When it is determined that a response may be returned to the requesting processing node, TTQ generates the response using the cache line state information. As discussed above, this response includes the original transaction-tracking id provided with the request, any requested data, and a response type. If data is returned, this response type indicates the state in which the cache line is being provided. This response is stored within response out queue 212, and will be transferred to the appropriate port so that it may be forwarded to the processing node that initiated the request. In the current example, the response is transferred to response output queue 222A of port 1 107A. This request is then forwarded to processing node 1, 105A, when it gains priority.

After a response has been queued within the appropriate one of the response output queues and any memory updates have occurred, the respective one of state machines 206 indicates that the request processing is completed. The request is removed from TTQ 204 such that another request may be received in its place.

As noted above, in some cases, a snoop request must be issued to another processing node before a response may be issued to the requester. This occurs, for example, when the MSU cannot return the cache line in the required state. For example, if the request type indicates, or if state calculation logic 220 determines, that the cache line should be returned in the exclusive state, and if a valid copy of the cache line resides within another processing node, a snoop request must be generated. This request is issued to invalidate the cache line copy residing within that other processing node, and to prompt the return of any modified data.

If a snoop request is necessary, TTQ 204 generates the request, which is stored within snoop request out queue 214. As discussed above, this request includes a transaction id generated by TTQ 204, a snoop request type, and an address. The request is transferred to the snoop request output queue(s) of the appropriate port(s) based on the processing node(s) that have a copy of the requested cache line. In the current example, it will be assumed that processing node N 105B owns the requested cache line. The snoop request is therefore transferred to snoop request output queue 224B of port N 107B. A similar queue is provided for each of the other ports. This request is transferred to SNC 102B to be processed in the manner discussed above.

Eventually, processing node N 105B will return a snoop response to snoop response input queue 226B of port N 107B. This snoop response is provided to select logic 228, which selects one of the pending responses for presentation to TTQ 204 using a rotational fairness algorithm. This selected snoop response will be assigned to the state machine that is still processing the initial request using the transaction id that was included with the snoop request and returned with the snoop response.

After the snoop request is provided to the appropriate one of state machines 206 within TTQ 204, it may be used to immediately generate a response to the requester. This is possible if the snoop response returned data, and if the response type can be determined without another reference to directory 101. If this is the case, the state machine generates a response that is stored within response out queue 212. This response includes the cache line data returned from port N 107B along with a response type indicating the state of the cache line. This request will be transferred to the response output queue 222 of the appropriate port in the manner discussed above. In the current example, the request is transferred to response output queue 222A of port 1, 107A, so that it can be forwarded to processing node 1, 105A.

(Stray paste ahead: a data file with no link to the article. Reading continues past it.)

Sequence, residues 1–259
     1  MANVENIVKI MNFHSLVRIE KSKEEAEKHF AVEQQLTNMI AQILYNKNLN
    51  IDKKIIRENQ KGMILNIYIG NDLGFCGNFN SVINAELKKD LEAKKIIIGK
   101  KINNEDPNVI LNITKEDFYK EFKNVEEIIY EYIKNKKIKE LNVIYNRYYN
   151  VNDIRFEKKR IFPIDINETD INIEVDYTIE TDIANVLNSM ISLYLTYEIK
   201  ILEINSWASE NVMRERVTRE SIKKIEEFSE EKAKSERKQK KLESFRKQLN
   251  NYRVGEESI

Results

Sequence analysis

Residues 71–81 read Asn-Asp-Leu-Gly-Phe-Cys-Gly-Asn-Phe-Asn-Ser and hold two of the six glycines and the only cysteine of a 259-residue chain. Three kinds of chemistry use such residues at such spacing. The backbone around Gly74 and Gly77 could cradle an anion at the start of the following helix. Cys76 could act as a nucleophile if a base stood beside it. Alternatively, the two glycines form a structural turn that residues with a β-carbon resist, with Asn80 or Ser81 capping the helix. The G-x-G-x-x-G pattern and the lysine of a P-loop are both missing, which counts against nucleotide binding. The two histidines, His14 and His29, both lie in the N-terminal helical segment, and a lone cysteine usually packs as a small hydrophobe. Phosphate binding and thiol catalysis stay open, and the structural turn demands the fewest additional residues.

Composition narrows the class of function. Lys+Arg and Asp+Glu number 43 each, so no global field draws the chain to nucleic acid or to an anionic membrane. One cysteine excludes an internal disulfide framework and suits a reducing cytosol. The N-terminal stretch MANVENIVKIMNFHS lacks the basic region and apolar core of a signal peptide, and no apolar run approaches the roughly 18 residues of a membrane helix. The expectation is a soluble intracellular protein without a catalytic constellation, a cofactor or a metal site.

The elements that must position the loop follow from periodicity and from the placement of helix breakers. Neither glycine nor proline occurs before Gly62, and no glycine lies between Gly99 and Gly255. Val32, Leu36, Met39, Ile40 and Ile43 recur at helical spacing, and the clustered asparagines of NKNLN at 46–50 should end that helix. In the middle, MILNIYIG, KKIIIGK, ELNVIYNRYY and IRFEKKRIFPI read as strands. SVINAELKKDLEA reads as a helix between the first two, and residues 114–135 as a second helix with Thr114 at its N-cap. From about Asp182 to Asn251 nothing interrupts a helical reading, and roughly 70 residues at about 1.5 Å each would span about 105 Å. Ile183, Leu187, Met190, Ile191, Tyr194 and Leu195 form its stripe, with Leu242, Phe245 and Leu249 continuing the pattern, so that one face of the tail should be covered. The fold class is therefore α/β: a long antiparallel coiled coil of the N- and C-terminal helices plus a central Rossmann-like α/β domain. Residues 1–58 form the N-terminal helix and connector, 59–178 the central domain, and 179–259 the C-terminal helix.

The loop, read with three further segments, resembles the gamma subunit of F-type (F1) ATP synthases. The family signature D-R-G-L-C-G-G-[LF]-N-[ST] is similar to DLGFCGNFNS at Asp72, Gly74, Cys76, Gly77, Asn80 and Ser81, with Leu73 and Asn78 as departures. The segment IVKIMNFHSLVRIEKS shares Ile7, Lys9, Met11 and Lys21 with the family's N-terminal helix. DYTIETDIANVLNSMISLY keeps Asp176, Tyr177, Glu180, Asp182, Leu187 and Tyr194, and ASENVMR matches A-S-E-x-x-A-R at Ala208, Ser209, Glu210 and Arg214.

In addition to generating a response to the requesting processing node, the state machine further generates a request entry within storage queue 210. This request, which will be processed on a FIFO basis as discussed above, will store the updated data returned from processing node 105B to data store 103. This request entry within storage queue 210 will also initiate a read operation to read the cache line state information from directory 101 onto lines 217. State calculation logic uses the current cache line state information, including the current RCR value, as well as the request type and the snoop response type that are provided by TTQ 204 on lines 218, to generate the next RCR value in a manner to be discussed below. This new RCR value is stored back to directory 101 on lines 219.

After the modified data has been stored to data store 103 and the RCR value has been updated, the original request is removed from TTQ 204. This allows TTQ 204 to receive another request from one of the ports based on the fairness algorithm practiced by select logic 202.

The foregoing paragraphs assume that data was returned with the snoop request. This will only occur, however, if a processing node that had ownership of the cache line had actually modified the cache line data. In all other instances in which the cache line was not modified, the snoop response will only return ownership, or, if the cache line had been retained in the shared state, indicate that invalidation had been completed. In this case, the response can only be fulfilled after the data is retrieved from data store 103. Therefore, an entry is generated within storage queue 210. When the request entry gains priority, the requested cache line is read from data store 103 on lines 215, and is used by the associated state machine to generate a response in response out queue 212. The cache line state information is also read from directory 101 in the manner discussed above so that state calculation logic 220 can generate the next RCR value. As discussed above, this value will be determined using the current cache line state information, the request type, and the snoop response type. This RCR value is written to directory 101 on lines 219. Additionally, cache line state signal 221 is provided to TTQ 204 for use by the state machine in generating a response type. As discussed above, this signal is used in the current embodiment to determine whether a cache line will be returned in the exclusive or shared state in response to operand read requests.